I’ve figured out how to use drones to increase border security

When I heard Dems promote drones to increase national security on the Southern border, I was confused. Now, though, I understand how those drones will work.

Unmanned DronesWhen Trump shifted his rhetoric from demanding a wall to talking about the need for border security, he forced the Democrats to talk about border security too. For example, a week or so ago, Democrat Sen. Mark Warner spelled out the way Democrats envision handling border security:

Well, I saw the picture and if this wasn’t the President of the United States, if the stakes weren’t so high, if this man had any kind of willingness to stick to his word, you know, it would almost be comical. The fact is, I think you could find the vast majority of Democrats who were willing to increase border security, but let’s use 21st century technology, drones, electronic surveillance, additional border guards. Not 14th century technology, a wall, whether he calls it steel-plated or not, which I’ve not heard a single security expert said would increase border security and we’ve now heard earlier today that these were the views that the President’s current Acting Chief of Staff Mick Mulvaney had as well a few years back, saying the wall was an absurd idea. (Emphasis mine.)

At first I was unclear how Warner’s 21st century technology would work. I imagined a camera-equipped drone or a fixed security camera capturing images of illegal aliens crossing the border somewhere near an isolated farmer’s ranch in Arizona. Then, somewhere in an underground room deep below Washington, D.C., an agent manning the monitors spots that incursion and puts in a call to the border guards working in Arizona.

The border patrol agents get in their truck and race to the border to intercept the illegal aliens. However, when they arrive at the border two hours later, they are chagrined to find that the aliens have long since dispersed into the surrounding country side and vanished.

To give a little context to my imaginings, think about England. In Britain, which has more close circuit cameras than any other major country in the world, the benefits from the cameras have been mixed at best. What’s noteworthy is that these cameras are most effective in closed spaces that allow cameras to capture every angle — in other words, they work effectively in circumstances that are the complete opposite of a long border — especially a border where the human element may be hours away from whatever event the cameras (whether drones or mounted on the wall) catch.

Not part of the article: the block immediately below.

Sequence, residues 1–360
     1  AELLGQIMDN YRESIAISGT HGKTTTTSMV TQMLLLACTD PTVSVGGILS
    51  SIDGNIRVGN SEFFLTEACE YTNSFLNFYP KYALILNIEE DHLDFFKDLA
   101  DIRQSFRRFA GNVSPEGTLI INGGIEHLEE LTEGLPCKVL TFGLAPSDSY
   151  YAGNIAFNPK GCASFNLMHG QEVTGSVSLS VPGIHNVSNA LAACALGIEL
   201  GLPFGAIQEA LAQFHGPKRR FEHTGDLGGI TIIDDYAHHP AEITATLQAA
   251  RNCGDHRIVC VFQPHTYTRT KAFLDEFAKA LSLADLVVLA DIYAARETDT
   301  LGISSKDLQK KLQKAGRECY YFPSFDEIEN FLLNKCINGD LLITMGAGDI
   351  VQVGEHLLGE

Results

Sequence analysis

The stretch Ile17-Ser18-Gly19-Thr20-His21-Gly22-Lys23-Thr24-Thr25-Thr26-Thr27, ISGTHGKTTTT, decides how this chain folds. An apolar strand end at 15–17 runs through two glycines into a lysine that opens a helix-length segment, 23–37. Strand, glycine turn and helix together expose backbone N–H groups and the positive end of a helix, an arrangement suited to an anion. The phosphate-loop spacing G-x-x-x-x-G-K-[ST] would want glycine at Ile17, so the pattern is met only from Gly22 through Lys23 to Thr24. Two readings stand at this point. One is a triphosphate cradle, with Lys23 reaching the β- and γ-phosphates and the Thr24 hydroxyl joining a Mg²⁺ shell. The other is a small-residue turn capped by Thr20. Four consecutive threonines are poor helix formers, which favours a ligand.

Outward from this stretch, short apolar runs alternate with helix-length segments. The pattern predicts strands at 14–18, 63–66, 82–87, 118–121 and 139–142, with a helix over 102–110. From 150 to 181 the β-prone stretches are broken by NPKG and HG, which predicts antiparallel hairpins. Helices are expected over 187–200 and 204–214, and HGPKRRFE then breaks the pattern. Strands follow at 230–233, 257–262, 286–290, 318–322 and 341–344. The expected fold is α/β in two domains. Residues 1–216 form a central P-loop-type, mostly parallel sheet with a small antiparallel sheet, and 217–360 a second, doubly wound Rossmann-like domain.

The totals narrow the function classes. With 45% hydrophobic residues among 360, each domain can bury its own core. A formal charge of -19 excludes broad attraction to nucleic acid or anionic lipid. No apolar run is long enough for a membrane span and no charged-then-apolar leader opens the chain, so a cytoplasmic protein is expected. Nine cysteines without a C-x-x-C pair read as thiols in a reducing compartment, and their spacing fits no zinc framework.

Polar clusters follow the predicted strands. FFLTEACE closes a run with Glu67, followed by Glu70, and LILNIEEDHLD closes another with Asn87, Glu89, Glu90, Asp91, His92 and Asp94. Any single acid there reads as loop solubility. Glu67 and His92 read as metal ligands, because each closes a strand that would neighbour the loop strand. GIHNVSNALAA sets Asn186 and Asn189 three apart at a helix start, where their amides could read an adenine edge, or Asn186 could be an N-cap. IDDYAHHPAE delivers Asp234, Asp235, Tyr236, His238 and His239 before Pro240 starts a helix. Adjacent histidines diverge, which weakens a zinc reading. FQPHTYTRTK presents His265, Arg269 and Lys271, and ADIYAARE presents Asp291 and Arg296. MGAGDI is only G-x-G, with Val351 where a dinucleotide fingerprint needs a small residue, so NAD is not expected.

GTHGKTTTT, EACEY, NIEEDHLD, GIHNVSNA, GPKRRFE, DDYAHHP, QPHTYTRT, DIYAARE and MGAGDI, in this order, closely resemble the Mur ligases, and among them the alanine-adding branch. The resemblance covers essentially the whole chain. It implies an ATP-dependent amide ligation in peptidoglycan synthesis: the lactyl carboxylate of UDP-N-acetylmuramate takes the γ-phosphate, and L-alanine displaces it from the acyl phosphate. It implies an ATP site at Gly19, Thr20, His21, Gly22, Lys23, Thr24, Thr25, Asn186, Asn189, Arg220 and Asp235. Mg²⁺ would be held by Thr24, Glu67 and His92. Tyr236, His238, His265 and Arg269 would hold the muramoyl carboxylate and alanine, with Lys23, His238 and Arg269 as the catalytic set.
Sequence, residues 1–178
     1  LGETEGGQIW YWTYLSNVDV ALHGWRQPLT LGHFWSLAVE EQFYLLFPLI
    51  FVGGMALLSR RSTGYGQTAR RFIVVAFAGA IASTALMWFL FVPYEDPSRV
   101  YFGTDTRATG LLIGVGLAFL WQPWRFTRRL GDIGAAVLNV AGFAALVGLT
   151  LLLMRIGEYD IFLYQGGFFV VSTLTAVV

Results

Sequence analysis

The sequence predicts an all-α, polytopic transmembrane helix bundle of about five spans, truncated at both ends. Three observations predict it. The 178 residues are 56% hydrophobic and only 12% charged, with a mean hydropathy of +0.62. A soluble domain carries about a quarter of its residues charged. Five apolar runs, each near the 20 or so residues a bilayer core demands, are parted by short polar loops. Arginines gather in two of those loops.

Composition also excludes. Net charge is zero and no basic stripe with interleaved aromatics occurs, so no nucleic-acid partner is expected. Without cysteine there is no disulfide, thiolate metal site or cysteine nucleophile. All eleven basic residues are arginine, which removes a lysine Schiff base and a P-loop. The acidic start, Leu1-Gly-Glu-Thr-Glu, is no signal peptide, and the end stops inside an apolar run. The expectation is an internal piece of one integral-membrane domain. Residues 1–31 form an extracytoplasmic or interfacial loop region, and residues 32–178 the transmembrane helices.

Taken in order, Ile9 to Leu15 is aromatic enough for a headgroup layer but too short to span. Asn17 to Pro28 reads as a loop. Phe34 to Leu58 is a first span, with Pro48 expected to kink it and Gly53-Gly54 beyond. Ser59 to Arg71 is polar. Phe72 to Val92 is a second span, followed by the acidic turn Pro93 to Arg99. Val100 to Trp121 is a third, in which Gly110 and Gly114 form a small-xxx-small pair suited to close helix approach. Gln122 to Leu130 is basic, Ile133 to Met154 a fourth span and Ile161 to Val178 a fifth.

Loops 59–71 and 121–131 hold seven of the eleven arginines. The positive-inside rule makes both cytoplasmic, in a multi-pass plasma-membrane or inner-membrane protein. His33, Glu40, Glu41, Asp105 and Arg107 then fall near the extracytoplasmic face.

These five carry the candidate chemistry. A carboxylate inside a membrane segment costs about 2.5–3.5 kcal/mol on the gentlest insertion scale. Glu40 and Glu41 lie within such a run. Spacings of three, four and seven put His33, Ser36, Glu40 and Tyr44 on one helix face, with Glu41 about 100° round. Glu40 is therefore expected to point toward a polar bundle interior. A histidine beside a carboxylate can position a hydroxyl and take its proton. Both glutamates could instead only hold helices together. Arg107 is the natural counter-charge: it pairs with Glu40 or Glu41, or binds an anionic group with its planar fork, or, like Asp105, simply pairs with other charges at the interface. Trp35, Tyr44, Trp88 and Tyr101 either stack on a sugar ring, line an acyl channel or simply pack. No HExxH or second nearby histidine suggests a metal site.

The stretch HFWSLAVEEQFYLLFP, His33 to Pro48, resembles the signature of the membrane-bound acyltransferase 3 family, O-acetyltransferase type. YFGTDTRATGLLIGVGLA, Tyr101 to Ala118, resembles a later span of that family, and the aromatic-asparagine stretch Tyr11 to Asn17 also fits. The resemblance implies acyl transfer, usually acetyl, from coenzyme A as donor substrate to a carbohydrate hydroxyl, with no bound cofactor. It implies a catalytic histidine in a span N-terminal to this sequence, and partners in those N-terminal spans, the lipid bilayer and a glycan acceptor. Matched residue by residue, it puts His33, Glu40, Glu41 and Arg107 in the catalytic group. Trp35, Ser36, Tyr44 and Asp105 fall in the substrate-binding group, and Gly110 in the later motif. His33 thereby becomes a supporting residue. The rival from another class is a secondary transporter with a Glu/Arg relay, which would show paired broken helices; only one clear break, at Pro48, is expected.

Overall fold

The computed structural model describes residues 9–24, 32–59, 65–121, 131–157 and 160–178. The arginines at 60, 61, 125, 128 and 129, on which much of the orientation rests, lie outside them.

And then it occurred to me that I’d been thinking about it all wrong. Of course the drones can be effective. They just have to be utilized properly to catch the criminals in the act and neutralizing them as only airborne technology can:

By the way, regarding Warner’s disdain for that “14th century technology” known as a wall, a couple of comments. First, as I heard Dan Bongino say, we still have walls in the same way we still have wheels: they work. Even if they don’t  have 100% effectiveness, they remain better than the alternatives (unless, of course, you want those Goldfinger-style drones).

Second, I was listening to a Scott Adams podcast (I think it was this one) in which he talked about a “wence.” Adams’ point was that, during the presidential campaign, Trump talked about a “wall” because it provided a strong visual image for voters thinking about protecting our southern border from unauthorized incursions. The Dems, of course, jumped all over the “wall” idea (never mind that they voted for one in 2006) as an unfriendly, ecological disaster.

Trump responded by shifting the rhetoric. Now he talks about “national security” (an issue that recently got a tragic emotional boost when an illegal immigrant cold-bloodedly murdered legal immigrant and police officer Ronil Singh). Moreover, barring a notable exception that I discuss below, Trump no longer talks about a wall. Now he talks about a “fence.”

That shift in focus is how Scott Adams came up with the word “wence.” He claims Trump has successfully shifted the discussion away from whether there should be a barrier to discussions about the type of barrier. Mark Warner’s statements reflect that forced shift in focus.

All of which gets us to one of Trump’s perfect trolling texts and a Democrat response that plays right into Trump’s hands about demanding a “fence” for security.

Two days ago, Trump sent out a tweet recalling for Americans that President Obama’s wanted a wall:

The above tweet, incidentally, reflects the original TMZ story, from January 2017, about the Obama’s plans for their D.C. home:

President Obama is taking a cue from Donald Trump … he’s building himself a wall.

We got photos of construction at Obama’s soon-to-be D.C. rental. You also see construction in the garage. As we reported, it will become an office with a bathroom.

Typically for Trump, he inserted a false statement in the text: Yes, there’s a barrier but, no, it’s not a 10 foot high wall. (It is, however, a wall that was quickly augmented with all the security American taxpayers can provide for a former president.)

So what happens as Leftists rush to correct Trump’s intentional error about the wall being 10 feet tall? They embrace his fence idea:

A neighbor, a longtime resident of the area who spoke on the condition of anonymity to preserve their privacy, said the president “has a very active imagination.”

“There’s a fence that goes along the front of the house, but it’s the same as the other neighbors have,” the neighbor said. “It’s tastefully done.”

There you have it: Fences aren’t walls. Walls are stupid. Fences are friendly and “tasteful.”

And of course, if the fence ends up being too tasteful to be an effective national security barrier, you can always fall back on those Goldfinger-esque drones….